When Doctors Don't Listen

He was the second internist I had contacted about symptoms that seemed to be dragging me toward the edge of a cliff. He looked at me with the kind of fatherly concern designed to determine who put a dent in the family car. “If we are going to work together,” he said, “you’re going to have to be straight with me.”

Straight with you? Do you think I’m making this  — Oh my God. It hit me. This white-coated icon of the medical establishment had branded me a hysterical female. Everything I said; every symptom I described was being filtered through a base conclusion: This bitch is crazy.

My visit to the office of internist number two  — and the realization that I had been branded as a whifty female fabricator all started innocently enough. I came down with an earache.

I could not have known that a minor irritation would hurl me into two weeks of mistreatment and misdiagnosis that would call into question my tenure on the planet. Nor could I have realized the hard lesson to come in the reality of a gender bias that doctors vehemently argue does not exist.

It began when I called a new doctor let’s call him internist number one. I described my ear pain over the phone, and he prescribed penicillin.

I thought it odd that he didn’t actually want to see me, and didn’t feel the need to take some medical history. But a friend told me the diploma on his wall said he went to Harvard, and he sounded caring enough. So I chalked it up to the new world of third party payers. Time is money and earaches are earaches.

The pain subsided. But it was replaced by a fever that pushed my temperature to 103. My bowels were in furious revolt, my head was pounding, and I was dizzy and nauseous. I called him again. This time, he said I had the flu and to just keep taking the penicillin. In my altered state, I never thought to ask why he would tell be to take an antibiotic that is clearly useless in treating a virus.

I made a bit of a comeback, but still felt off with a low grade fever and a headache that never quite went away. This time the doctor volunteered to make a home visit. Before he arrived, I thought about the box of Tampax on the shelf, and its warning about toxic shock. The systems were in the ballpark, and I was out of answers.

Mainly to placate me, he left a message with my gynecologist and said that toxic shock was a possibility. At that point, he did a lateral arabesque out my door and largely out of the patient relationship. I had been handed off.

My gynecologist called back, listened to my symptoms, and prescribed a higher dose of penicillin.

My symptoms got worse. I had weights on my limbs, fire in my intestines and a vice around my head.

My gynecologist finally ordered blood tests. Dragging myself back from the lab, I opened the door to the sound of the phone ringing. It was the gynecologist. His first question: had I been out shopping? It was a ham fisted implication that I was not as sick as I let on.

He then handed me off to internist number two whose assumption that it was all in my head can only have been arrived at in consultation with the gynecologist, who must have reached a similar conclusion in consultation with internist number one.

Then the results of the blood test came back: A huge spike in my white cell count said clearly that my body was in mortal combat with something. But what?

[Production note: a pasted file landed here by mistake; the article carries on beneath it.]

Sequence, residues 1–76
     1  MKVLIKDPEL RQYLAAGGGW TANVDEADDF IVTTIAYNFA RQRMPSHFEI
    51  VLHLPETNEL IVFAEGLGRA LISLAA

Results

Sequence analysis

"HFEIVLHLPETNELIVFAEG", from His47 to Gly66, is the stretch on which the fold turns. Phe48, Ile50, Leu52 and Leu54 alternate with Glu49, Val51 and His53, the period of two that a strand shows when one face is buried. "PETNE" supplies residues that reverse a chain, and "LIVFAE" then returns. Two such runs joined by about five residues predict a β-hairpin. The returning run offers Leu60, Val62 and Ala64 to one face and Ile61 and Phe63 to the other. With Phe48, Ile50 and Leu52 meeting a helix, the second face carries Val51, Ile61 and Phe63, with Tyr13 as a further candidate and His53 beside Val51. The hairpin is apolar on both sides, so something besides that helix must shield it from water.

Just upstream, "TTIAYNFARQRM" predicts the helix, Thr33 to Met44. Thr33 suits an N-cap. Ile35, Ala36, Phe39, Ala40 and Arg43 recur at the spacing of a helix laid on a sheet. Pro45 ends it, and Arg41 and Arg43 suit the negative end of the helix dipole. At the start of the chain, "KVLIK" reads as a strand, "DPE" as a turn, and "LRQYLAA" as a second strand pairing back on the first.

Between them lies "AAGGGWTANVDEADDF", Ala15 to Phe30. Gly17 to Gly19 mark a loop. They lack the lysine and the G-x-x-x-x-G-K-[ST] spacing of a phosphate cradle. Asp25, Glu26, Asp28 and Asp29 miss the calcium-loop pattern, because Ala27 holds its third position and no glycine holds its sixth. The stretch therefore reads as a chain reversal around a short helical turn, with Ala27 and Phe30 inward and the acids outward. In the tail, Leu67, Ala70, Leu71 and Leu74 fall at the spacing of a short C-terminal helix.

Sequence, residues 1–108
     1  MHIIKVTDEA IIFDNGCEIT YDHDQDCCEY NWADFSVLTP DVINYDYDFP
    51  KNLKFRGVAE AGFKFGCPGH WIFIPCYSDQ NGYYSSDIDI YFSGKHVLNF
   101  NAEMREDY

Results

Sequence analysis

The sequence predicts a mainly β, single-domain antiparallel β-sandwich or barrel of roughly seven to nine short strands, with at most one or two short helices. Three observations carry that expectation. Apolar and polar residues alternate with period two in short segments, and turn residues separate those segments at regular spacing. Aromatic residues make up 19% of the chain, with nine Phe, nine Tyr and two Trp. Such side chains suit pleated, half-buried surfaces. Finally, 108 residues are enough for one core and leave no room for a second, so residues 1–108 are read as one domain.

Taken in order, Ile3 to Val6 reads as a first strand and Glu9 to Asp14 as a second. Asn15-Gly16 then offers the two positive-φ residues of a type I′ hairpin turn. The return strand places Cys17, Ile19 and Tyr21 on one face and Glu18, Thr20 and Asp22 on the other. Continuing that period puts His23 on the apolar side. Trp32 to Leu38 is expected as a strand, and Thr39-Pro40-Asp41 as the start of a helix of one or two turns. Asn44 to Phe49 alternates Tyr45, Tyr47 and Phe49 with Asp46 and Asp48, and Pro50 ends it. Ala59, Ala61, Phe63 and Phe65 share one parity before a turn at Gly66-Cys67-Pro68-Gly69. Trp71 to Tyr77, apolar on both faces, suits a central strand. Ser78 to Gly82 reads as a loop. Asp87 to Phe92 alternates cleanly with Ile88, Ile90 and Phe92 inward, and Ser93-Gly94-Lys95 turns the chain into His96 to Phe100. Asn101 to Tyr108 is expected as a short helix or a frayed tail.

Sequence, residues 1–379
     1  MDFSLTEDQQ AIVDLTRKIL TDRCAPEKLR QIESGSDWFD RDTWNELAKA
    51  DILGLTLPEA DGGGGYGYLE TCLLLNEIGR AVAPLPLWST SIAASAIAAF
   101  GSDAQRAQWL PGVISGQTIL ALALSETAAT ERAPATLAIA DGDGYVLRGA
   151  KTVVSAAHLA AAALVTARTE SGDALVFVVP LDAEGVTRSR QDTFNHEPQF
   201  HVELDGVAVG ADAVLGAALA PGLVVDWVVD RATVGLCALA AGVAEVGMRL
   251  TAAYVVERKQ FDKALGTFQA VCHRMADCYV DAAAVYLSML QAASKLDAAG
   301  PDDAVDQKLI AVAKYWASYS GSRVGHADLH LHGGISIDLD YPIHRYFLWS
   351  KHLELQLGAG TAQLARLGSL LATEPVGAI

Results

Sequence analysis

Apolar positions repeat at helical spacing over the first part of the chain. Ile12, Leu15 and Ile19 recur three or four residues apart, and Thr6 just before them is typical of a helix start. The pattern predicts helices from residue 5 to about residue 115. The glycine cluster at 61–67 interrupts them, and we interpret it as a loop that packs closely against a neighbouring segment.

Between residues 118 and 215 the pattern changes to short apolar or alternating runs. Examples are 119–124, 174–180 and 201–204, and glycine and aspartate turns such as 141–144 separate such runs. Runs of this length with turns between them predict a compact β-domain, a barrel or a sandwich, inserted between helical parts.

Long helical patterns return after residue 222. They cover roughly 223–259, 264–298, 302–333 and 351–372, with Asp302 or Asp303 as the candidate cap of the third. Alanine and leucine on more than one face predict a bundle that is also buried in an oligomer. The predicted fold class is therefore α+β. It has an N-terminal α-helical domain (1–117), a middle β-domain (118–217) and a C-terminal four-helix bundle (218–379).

It was now the weekend. I was in pain, disoriented and with the terrifying feeling that the slide toward the cliff was accelerating, and there was nothing ahead to break my descent. Internist number one was the only doctor I could reach. Distracted, irritated and with a child crying in the background, he told me to take two aspirin.

By Monday, and increasingly desperate, I called yet another doctor. He did something the first three did not. He listened. For the first time since I had gone down this medical rabbit hole, a doctor took a comprehensive medical history.

One of his questions was: “Have you ever taken penicillin before?”

I said “no.”

Armed with that simple bit of information gained from a question that nobody thought to ask he concluded that my symptoms were caused by Clostridium difficile, or C. difficile. It is a common bacteria that is encouraged to multiply in the digestive tract by the very penicillin that, on doctors’ orders, I had been faithfully taking for two weeks. Unchecked, it can cause anything from diarrhea to life threatening inflammation. Long a problem in hospitals, C. difficle is now spreading beyond medical facilities mainly because of the kneejerk over prescription of antibiotics. The Centers for Disease Control and Prevention says C. difficile sickens tens of thousands every year. Some 5,000 of them die. I’m now very pleased to report that I won’t be one of them.

As someone who likes to take lessons from life’s twists and turns, I asked myself: what did I do wrong? The answer is clear. I listened to people who did not to me. It’s a common mistake. And it’s one I would urge women everywhere not to repeat.

Image via Shutterstock

  • http://www.facebook.com/profile.php?id=100003797315961 Ella Paige

    Great article. I had a similar issue when I was 14. I had massive stomach pains and was nauseous all the time. The doctor assumed that I was pregnant, but when she asked I said “no”. She probed me a million times trying to get a different answer, and I told her very clearly every single time that I was absolutely certain pregnancy was an impossibility, which it was (unless there`s something I don`t know about getting pregnant). So, perhaps to placate me, she ordered a blood test. My mother, having a background in nursing, looked at the requisition and knew that it was for a pregnancy test. That was fun to explain. I was furious and ended up going to seek out a second opinion. The next doctor sent me for a few tests and discovered immediately that I had an ulcer.

    I guess doctors see so many people with symptoms that they think are apocalyptic but are actually no big deal at all. It becomes easy to dismiss because a lot of time the quick easy diagnoses are correct. But at the same time I know some doctors can become so convinced they are correct they actually refuse to look for alternate solutions or take the time to dig a little deeper. Not saying they need to send in Dr. House and his team every time, but maybe after the 500th time of swearing under oath that you`re not pregnant a doctor could look for option B.

  • http://www.facebook.com/profile.php?id=747674249 Susan Costa Galvin

    As a physician I am appalled by this. I am so sorry you went through this and I could not imagine treating a patient this way. Ugh.

  • http://www.facebook.com/profile.php?id=14204927 Barbara Ellen